People say you don't quit jobs; you quit managers. I worked for Uber for nearly a year as a Community Manager. I quit in part because of my manager, yes, but also because of the wider culture.

I didn't experience it as a toxic culture, exactly. As I've already written about, I found that the vast majority of my colleagues (and bosses) were intelligent, supportive, hard-working, and motivated. I just found that it was an all-consuming culture, and quite frankly, I wanted a life.

That's a far cry from the appalling account of Susan Fowler, which outlined an absurdly toxic culture at Uber. Why? In part, I believe, because she was in the engineering department.

When you have a company with over 12,000 employees (as Uber now does), management change at the top isn't going to make an immediate impact on most people in most departments, including engineering. It's barely going to make a dent in the everyday lives of the people working at the company.

If Uber really wants to change its culture where it matters, it needs to focus specifically and relentlessly on the engineering department. 

Social science research points to a tipping point when it comes to gender equality: things really start to shift once you have at least 33 percent women on a team, a board, and/or in top management. You can't just throw a few token women into the mix and hope it helps; you need at least one third women around to actually make a difference.

For Uber to truly shift things in engineering, they'd need to do two things: one, fire those who've committed egregious breaches in ethics or harass employees (one hopes this has already been done). Two, give themselves a deadline and a quota: within one year, at least one third of our engineers will be women, and at least one third of our engineering managers will be women.

Yes, this would require dedicating significant resources to this. Yes, it would mean aggressively going after female engineering talent. Yes, it would mean heavily favoring the promotion of women over men in the engineering department for a while. But if you actually want to change culture, you have change things systematically. You can't just go on a witch hunt for "bad" people and hope it works.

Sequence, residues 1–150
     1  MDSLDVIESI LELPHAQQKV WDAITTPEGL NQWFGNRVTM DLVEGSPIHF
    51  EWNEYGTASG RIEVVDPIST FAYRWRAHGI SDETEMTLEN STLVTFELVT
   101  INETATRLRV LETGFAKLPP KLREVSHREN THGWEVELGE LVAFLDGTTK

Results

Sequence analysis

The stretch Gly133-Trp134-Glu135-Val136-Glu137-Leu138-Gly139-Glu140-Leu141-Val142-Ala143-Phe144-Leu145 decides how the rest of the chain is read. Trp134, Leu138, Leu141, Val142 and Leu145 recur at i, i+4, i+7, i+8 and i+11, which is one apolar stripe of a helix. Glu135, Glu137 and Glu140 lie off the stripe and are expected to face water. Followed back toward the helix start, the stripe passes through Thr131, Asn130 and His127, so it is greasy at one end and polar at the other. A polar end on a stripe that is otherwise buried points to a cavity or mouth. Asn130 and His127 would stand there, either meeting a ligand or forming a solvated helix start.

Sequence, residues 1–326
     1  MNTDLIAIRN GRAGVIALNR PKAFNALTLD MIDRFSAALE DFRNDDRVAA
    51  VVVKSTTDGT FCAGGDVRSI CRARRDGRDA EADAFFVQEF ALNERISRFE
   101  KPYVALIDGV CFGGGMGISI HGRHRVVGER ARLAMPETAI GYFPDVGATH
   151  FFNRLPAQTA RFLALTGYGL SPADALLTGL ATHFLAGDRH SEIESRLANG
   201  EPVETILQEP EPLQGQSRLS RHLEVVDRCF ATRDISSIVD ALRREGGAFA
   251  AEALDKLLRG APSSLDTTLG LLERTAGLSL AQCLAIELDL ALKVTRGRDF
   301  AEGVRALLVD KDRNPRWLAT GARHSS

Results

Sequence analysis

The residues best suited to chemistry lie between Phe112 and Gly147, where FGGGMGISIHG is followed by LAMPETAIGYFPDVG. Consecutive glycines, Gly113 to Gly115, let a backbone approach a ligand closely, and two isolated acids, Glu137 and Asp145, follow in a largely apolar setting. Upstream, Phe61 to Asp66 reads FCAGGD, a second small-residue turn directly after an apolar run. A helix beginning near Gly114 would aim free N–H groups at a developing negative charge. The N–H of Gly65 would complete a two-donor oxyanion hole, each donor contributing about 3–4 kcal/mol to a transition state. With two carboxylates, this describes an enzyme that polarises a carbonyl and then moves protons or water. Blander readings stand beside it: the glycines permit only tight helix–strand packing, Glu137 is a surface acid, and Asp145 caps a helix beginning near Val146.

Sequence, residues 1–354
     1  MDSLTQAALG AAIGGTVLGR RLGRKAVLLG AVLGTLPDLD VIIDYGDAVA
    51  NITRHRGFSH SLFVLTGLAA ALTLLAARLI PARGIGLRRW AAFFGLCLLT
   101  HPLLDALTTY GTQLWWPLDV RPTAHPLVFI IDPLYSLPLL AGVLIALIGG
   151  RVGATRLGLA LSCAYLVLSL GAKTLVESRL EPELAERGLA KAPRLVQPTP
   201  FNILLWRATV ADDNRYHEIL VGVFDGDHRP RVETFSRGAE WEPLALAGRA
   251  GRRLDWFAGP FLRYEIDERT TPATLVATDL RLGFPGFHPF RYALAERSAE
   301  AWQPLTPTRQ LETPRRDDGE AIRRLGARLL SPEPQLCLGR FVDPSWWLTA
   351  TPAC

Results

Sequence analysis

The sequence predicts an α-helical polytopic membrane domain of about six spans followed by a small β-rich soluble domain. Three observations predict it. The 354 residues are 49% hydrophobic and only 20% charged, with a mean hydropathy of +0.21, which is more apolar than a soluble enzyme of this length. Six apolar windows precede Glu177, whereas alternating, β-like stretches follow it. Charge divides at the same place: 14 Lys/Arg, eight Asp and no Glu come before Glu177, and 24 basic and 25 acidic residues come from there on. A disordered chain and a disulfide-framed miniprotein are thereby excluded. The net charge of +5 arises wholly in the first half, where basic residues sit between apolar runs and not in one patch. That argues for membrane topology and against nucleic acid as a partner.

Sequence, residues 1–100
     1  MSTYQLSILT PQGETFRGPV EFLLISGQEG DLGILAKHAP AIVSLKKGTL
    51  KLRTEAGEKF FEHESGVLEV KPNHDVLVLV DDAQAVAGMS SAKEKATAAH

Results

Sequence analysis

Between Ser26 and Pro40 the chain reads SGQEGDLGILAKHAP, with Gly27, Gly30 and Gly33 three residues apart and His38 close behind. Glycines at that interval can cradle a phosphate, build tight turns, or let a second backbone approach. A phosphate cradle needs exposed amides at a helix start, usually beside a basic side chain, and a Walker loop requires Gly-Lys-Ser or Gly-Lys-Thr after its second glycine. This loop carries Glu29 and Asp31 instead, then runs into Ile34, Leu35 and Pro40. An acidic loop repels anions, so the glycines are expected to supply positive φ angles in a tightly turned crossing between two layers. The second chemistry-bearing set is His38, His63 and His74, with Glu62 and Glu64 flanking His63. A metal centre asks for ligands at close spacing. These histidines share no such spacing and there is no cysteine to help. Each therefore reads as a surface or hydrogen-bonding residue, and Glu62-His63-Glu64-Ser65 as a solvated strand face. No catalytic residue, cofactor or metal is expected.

You also can't just replace the head of the company and think that will solve the problem.

In 2017, Uber doubled its workforce, and over 40 percent of its new hires were women. That's wonderful, but the breakdown breaks down when you look at engineering: according to diversity data shared in 2017, the gender breakdown in Uber's engineering department is 85 percent men, 15 percent women.

Companies like Uber need big change (and we all know Uber isn't the only company to need this kind of change). Fortunately, this kind of change is possible, and it doesn't have to take decades. Harvey Mudd college, for example, took on gender inequality and in just a few years, its numbers spiked dramatically: nationally, roughly 16 percent of undergrad computer majors are women. This year, 56 percent of Harvey Mudd's computer science graduating class were women. 

How did they do it? By making the commitment to do it, then taking a number of strategic and creative steps. They redesigned their intro computer sciences courses to emphasize how to use programming for creative problem-solving (instead of just learning how to code). Women, it turns out, need to know how coding can actually help people or help do things in order to stay interested.

They also addressed the intimidation factor. They split the intro course into two sections: one for those with coding experience, and one for those with none--so no one felt intimidated if they had no experience yet. They also shifted away from homework done individually (which can feel isolating) to group projects, so students code together. 

The school also prioritized putting women in leadership positions in the faculty. Next year, 6 out of its 7 department chairs will be women, and 38 percent of its total professor will be women. 

It worked. Before the changes, around 10 percent of computer science majors were women. After, they started averaging 40+ percent. 

Moving towards gender equality isn't just good for statistics. It's good for product innovation, company culture, and the bottom line. According to Bank of America Merrill Lynch, companies with a higher share of women in executive positions not only financially outperform other companies, but experience less stock market volatility and earnings changes.

Places like Harvey Mudd are doing their part to increase the pipeline of women in tech. This year, 64 percent of women graduates of the college said their full-time job after graduation was in the the tech industry.

Now it's up to companies like Uber to seek them out, make room for them, develop them, and promote them. 

That will change things.